Evidentiary Matters Counsel must be particularly sensitive to the privilege and confidentiality issues that may be present in cases involving informants. The use of potentially privileged information by the IRS can result in the inability to pursue an issue or an entire case. For this reason, before using information provided by an informant, the IRS must determine whether the information is subject to a privilege and, if so, whether the taxpayer has waived the privilege. Moreover, the IRS needs to determine the extent of any privilege that may apply. In many cases in which a privilege does apply to information provided by an informant, portions of the information will nonetheless likely not be subject to the privilege. Whether information is subject to a privilege, and the extent of any such privilege, will depend on the particular facts and circumstances of the matter. Generally, it should be assumed that a current employee has access to information that may be subject to a privilege that has not been affirmatively waived by the taxpayer. If, in a particular case, the rules and procedures described above for current employee informant cases do not apply, then the IRS may conduct its own review of the information provided by an informant without the formal assistance of Counsel. The IRS will, however, coordinate with Counsel upon the identification of any potential privilege issue regardless of whether an informant is a current employee of the taxpayer. If a current employee informant is an attorney, accountant, or other professional, the informant may violate a duty of confidentiality owed to his or her client by providing information to the IRS.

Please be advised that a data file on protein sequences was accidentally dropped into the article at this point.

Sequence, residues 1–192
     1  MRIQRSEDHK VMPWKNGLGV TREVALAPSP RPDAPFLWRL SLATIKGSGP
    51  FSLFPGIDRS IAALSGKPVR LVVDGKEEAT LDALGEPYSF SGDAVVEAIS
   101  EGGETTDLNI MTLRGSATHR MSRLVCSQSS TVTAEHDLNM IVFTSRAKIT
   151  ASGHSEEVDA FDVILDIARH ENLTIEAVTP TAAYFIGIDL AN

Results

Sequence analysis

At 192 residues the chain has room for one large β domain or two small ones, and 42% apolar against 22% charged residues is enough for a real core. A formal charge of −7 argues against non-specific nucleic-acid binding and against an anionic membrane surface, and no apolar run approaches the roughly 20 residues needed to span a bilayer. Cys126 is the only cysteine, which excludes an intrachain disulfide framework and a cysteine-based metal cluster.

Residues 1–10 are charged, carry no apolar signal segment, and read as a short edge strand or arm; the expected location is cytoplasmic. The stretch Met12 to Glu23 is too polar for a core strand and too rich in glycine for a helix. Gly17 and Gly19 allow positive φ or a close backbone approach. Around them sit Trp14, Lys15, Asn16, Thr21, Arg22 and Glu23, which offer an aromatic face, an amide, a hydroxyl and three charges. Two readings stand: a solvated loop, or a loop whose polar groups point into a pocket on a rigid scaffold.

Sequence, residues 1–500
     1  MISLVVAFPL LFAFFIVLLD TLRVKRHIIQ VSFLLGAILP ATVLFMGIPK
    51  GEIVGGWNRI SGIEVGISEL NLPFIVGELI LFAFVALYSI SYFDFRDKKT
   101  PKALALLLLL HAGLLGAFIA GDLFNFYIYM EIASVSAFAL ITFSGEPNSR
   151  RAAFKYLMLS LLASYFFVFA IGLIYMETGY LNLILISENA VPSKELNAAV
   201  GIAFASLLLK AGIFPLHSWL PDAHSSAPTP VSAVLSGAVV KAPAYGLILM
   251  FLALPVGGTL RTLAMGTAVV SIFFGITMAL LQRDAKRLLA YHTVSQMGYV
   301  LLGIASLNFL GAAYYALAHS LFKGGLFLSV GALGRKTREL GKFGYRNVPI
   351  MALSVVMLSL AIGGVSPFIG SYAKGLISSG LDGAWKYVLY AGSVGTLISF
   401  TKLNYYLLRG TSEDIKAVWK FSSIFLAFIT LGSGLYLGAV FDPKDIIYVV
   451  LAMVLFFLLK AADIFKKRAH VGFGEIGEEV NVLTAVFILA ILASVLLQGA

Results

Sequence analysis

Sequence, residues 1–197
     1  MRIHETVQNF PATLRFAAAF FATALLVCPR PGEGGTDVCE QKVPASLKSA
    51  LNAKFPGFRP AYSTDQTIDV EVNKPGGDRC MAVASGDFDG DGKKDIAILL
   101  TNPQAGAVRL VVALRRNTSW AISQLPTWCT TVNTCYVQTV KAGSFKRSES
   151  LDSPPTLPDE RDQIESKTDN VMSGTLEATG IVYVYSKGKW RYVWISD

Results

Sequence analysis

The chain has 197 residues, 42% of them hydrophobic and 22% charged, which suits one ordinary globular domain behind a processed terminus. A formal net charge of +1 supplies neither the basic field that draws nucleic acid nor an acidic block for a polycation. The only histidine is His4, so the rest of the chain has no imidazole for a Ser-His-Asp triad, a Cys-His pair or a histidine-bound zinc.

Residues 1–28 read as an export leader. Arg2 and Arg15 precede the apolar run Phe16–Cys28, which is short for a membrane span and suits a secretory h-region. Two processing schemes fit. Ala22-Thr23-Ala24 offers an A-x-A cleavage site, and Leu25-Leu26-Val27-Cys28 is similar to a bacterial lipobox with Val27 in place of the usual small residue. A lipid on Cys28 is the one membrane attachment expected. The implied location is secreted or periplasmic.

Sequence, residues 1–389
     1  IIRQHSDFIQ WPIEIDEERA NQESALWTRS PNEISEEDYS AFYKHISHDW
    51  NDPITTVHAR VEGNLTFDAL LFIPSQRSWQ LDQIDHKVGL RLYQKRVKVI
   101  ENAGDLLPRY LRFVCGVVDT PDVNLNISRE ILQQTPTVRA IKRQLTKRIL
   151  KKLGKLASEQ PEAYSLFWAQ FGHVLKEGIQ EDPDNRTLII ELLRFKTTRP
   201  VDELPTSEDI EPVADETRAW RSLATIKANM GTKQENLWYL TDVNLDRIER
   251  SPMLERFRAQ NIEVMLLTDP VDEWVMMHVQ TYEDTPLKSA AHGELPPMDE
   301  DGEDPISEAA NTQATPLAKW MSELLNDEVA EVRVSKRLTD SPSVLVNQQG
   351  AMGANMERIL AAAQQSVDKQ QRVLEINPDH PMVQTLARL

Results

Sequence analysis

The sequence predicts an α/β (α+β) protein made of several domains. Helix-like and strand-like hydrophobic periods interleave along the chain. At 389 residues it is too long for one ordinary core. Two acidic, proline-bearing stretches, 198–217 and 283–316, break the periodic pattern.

In some cases, these ethical violations may affect the IRS’s ability to use the information provided by the informant. The implications for the IRS of an informant’s breach of an ethical duty will depend on the nature of the informant’s ethical duty and the nature of the breach. Moreover, ethics rules that apply to the IRS and/or Counsel employees involved in a case may affect the ability of those employees to use the information and, as a consequence, may affect the IRS’s ability to use the information. Finally, courts may impose limitations on the IRS’s use of confidential information in litigation. See, e.g., In re Shell Oil Refinery, 143 F.R.D. 105 (E.D. La. 1992). Counsel should consider the potential impact of any applicable ethical duties in the course of its taint review.
Questions relating to issues addressed in this Notice should be directed to the Associate Chief Counsel (Procedure and Administration), Branch 6 at 202-622-7950 or Branch 7 at 202-622-
______/s/__________ Deborah A. Butler Associate Chief Counsel (Procedure and Administration